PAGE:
Let’s call this a sequel to my blog on Adhering to the Process. As most of you are aware I just returned from Denver and a successful completion of my second half marathon. I have attached a few pictures from that event in the charity section of the website. The gentleman that ran with me is Rick Newsome who works with Kaiser in Denver and is a friend. Why was it successful and how does it relate to my favorite subject of transition? First, in my mind the term transition has expanded, it now includes both external and internal transition and both the gainfully employed and gainfully unemployed.

Now back to why my run was successful. First, I made a commitment I kept. Just like anyone going through transition, I stayed the course. Second, I stayed focused on incremental gain. I bettered my last time by approximately 4 to 5 minutes.

I had obstacles that came my way, but I did not quit or blame others. I dealt with and overcame them. Over the last month I developed runner’s knee. This made running painful and impacted the frequency of my training, diminishing it considerably. I made the necessary adjustments, but my commitment to the end result never changed. No transition, on any level will ever go exactly to plan and one will have to make adjustments to ensure success rather than blame others for failure. I took responsibility for the injury and moved on. I did not look for excuses. The last two miles were grueling because I had not trained as much as I wanted to because of the injury. I felt like quitting and I know many others have felt the same way under similar situations. In the end I stuck it out and finished the race. What kept me going was that I remembered that feeling, that wonderful feeling, when you accomplish something challenging. On the other side of that, I didn’t want to deal with waiting another year to finish the event. That’s too long to suffer and deal with that shortfall. We all have these kinds of experiences in transition. We need to stay focused on that wonderful feeling we get when we reach that next opportunity and push on through the pain. Remembering the feeling can keep us going. I also remember someone saying to me, and I’m not sure who to give credit to, but it went like this: when you’re closest to a failure, you are also closest to success. I do believe that.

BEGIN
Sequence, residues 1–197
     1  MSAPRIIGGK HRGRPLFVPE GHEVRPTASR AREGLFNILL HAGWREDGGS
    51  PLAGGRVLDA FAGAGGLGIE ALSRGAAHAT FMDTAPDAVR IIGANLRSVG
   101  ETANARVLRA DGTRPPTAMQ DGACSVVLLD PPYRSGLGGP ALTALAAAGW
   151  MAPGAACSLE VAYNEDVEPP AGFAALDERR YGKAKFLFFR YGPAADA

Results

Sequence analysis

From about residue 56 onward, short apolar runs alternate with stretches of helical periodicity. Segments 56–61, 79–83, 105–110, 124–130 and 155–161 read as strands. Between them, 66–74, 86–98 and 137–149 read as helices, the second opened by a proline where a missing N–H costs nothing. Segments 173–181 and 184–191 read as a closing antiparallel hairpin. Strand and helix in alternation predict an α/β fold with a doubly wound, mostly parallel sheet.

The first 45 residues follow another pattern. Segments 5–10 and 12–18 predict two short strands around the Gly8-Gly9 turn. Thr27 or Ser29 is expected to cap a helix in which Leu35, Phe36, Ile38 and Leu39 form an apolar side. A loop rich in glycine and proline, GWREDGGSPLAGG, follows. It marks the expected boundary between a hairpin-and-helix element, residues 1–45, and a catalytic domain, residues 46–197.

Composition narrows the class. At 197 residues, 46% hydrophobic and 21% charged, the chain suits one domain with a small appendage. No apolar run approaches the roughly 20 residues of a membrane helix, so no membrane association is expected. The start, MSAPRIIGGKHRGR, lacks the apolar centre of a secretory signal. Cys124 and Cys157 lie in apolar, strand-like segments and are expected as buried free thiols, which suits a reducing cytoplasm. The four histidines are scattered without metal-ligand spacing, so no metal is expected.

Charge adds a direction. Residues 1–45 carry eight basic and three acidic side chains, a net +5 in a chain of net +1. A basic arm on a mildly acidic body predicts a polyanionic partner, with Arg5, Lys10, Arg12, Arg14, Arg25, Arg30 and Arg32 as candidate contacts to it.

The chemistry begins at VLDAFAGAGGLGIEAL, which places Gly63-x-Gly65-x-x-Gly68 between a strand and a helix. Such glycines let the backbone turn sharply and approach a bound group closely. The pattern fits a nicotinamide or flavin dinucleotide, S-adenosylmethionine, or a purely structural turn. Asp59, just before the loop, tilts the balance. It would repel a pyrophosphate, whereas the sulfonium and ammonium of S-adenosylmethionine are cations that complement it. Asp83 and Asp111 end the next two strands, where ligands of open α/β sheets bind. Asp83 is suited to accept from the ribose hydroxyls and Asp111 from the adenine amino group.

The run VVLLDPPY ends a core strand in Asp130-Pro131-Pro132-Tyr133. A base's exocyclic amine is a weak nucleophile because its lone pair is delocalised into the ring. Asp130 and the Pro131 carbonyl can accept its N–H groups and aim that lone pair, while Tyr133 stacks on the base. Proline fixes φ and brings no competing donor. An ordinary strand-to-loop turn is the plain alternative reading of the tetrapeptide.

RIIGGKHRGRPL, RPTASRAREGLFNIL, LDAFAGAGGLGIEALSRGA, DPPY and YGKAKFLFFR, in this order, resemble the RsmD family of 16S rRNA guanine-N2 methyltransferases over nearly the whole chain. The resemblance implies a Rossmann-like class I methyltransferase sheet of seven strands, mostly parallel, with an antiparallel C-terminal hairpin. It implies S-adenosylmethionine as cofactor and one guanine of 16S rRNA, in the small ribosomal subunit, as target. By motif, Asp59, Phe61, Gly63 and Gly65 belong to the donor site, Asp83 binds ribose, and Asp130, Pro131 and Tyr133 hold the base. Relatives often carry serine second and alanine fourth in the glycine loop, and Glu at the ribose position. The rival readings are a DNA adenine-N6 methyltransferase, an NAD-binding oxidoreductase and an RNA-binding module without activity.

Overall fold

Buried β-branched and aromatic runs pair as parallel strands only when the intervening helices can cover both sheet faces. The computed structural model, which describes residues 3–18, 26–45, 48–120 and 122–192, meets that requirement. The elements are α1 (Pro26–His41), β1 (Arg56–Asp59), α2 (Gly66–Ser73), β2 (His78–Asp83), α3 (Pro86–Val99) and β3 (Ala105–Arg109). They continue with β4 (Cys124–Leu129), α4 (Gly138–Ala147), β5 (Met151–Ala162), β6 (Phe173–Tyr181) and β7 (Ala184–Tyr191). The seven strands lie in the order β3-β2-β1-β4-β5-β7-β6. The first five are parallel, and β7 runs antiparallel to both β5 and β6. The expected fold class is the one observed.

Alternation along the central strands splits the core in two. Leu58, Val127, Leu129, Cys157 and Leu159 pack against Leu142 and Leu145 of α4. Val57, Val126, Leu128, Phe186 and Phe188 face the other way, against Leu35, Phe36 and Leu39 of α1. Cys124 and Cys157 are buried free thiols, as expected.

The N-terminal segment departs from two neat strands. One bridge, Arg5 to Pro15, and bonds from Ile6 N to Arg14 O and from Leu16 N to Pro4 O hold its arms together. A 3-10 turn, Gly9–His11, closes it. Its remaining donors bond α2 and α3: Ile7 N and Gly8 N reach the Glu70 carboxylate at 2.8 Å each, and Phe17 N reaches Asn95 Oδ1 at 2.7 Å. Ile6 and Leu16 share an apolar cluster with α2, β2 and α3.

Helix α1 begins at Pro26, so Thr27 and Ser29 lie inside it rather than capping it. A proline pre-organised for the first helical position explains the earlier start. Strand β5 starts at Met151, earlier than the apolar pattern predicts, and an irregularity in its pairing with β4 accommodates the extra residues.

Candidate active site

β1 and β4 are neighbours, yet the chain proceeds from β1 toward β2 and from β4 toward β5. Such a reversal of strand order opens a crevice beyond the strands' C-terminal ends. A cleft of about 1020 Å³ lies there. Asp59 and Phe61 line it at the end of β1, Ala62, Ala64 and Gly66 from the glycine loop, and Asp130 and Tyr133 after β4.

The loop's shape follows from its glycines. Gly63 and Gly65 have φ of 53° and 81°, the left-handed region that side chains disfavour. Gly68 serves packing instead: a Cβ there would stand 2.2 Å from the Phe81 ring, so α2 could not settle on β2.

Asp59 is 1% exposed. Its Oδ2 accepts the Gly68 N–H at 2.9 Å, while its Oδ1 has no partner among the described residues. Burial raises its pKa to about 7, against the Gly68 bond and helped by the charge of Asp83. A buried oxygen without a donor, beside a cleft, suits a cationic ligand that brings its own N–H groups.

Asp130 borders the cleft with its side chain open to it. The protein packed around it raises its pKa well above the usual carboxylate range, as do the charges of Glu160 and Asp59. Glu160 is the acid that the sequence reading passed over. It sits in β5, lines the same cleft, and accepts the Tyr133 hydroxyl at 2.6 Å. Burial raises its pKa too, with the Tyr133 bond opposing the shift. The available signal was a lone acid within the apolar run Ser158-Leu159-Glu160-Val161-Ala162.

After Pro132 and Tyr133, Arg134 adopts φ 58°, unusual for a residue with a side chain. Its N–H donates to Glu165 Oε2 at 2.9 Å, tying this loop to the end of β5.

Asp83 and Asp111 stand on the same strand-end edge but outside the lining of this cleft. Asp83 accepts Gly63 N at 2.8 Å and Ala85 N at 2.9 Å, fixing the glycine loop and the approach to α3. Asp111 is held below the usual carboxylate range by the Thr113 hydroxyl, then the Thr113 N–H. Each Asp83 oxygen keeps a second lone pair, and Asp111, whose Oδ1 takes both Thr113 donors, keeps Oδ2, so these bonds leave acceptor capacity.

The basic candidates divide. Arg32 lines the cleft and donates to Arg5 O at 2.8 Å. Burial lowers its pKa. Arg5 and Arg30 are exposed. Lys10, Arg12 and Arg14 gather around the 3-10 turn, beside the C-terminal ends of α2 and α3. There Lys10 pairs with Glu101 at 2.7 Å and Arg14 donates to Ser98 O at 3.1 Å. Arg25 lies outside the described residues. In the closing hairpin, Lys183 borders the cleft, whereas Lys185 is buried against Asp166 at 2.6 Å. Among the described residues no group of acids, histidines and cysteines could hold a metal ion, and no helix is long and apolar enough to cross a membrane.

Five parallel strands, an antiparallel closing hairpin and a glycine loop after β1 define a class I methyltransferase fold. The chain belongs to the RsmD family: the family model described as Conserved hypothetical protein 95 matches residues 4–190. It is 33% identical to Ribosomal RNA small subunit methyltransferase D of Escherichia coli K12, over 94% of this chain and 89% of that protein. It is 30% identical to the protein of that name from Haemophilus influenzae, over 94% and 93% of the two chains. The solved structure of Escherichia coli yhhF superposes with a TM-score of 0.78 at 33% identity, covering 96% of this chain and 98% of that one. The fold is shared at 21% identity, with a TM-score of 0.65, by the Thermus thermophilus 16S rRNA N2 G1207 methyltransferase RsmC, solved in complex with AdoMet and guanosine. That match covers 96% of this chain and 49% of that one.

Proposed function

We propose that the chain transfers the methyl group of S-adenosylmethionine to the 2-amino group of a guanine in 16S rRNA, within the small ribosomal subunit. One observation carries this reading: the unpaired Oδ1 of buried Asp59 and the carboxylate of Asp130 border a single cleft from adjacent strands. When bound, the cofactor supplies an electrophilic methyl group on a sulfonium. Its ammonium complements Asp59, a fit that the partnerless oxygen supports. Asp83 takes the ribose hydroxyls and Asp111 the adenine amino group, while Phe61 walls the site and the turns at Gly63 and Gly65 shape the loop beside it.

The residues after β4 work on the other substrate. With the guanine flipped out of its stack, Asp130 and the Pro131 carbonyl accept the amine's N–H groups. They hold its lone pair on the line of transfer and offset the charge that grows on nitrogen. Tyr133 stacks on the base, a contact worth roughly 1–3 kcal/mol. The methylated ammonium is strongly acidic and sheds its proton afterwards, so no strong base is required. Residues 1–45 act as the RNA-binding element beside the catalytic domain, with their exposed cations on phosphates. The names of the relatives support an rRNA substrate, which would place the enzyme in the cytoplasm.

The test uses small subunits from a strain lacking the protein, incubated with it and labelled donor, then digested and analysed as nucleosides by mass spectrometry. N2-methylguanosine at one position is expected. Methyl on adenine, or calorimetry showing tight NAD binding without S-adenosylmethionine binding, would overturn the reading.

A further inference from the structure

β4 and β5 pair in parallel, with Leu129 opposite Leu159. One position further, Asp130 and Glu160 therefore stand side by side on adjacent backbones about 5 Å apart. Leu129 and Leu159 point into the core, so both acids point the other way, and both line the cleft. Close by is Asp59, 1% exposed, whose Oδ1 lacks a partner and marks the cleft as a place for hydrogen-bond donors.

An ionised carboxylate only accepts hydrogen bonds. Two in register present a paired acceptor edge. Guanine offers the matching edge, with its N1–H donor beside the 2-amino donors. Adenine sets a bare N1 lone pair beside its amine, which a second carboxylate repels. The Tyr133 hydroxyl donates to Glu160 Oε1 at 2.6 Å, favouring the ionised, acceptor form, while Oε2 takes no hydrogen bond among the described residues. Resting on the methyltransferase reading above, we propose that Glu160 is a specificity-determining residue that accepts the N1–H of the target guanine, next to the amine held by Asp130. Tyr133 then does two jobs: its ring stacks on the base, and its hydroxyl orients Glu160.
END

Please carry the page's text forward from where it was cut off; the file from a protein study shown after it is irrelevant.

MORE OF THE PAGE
As I write this, I’m on a plane back to Atlanta from Denver. I’m tired and I’m in a little pain, but I feel good about staying the course. No, I did not injure myself permanently and I am not asking you to do that. There will be those times when staying the course will be impossible because the reward sought does not come close to the potential downside. At those times, one may have to save it for another day. But then I remember another little saying that I adhere to. You don’t become a good sailor by sailing calm seas. So remember that wonderful feeling of success and, whenever possible, stay the course.

Author: Jim WiederholdJim believes his 39 years of experience--particularly his more than 26 years in healthcare--has prepared him well for what he does. His wealth of experience spans key areas, including finance, operations, management, leadership, sales and sales management, corporate, contingency, contractual and retained recruiting, outplacement and transition work and executive coaching.